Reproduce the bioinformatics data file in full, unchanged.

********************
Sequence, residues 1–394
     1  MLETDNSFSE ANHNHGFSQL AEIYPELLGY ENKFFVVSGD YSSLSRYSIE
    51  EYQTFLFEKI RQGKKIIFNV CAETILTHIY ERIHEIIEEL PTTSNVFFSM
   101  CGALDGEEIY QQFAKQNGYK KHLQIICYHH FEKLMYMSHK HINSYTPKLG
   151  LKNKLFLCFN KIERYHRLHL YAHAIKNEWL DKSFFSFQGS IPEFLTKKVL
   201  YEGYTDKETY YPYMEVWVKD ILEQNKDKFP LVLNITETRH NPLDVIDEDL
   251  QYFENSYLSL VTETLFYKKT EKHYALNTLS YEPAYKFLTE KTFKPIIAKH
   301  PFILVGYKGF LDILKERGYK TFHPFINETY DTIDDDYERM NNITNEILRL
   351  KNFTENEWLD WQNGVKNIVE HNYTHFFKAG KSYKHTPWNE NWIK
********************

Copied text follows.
Sequence, residues 1–394
     1  MLETDNSFSE ANHNHGFSQL AEIYPELLGY ENKFFVVSGD YSSLSRYSIE
    51  EYQTFLFEKI RQGKKIIFNV CAETILTHIY ERIHEIIEEL PTTSNVFFSM
   101  CGALDGEEIY QQFAKQNGYK KHLQIICYHH FEKLMYMSHK HINSYTPKLG
   151  LKNKLFLCFN KIERYHRLHL YAHAIKNEWL DKSFFSFQGS IPEFLTKKVL
   201  YEGYTDKETY YPYMEVWVKD ILEQNKDKFP LVLNITETRH NPLDVIDEDL
   251  QYFENSYLSL VTETLFYKKT EKHYALNTLS YEPAYKFLTE KTFKPIIAKH
   301  PFILVGYKGF LDILKERGYK TFHPFINETY DTIDDDYERM NNITNEILRL
   351  KNFTENEWLD WQNGVKNIVE HNYTHFFKAG KSYKHTPWNE NWIK